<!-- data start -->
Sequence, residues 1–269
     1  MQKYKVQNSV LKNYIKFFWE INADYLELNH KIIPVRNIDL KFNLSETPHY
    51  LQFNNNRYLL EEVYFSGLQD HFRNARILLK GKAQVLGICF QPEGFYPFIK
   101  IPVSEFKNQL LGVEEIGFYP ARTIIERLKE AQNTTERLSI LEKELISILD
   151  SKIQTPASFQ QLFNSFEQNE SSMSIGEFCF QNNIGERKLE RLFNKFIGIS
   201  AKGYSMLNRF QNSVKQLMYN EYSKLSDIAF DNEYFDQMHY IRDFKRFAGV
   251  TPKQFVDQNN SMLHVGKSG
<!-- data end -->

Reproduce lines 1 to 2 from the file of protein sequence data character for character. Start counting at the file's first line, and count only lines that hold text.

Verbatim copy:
Sequence, residues 1–269
     1  MQKYKVQNSV LKNYIKFFWE INADYLELNH KIIPVRNIDL KFNLSETPHY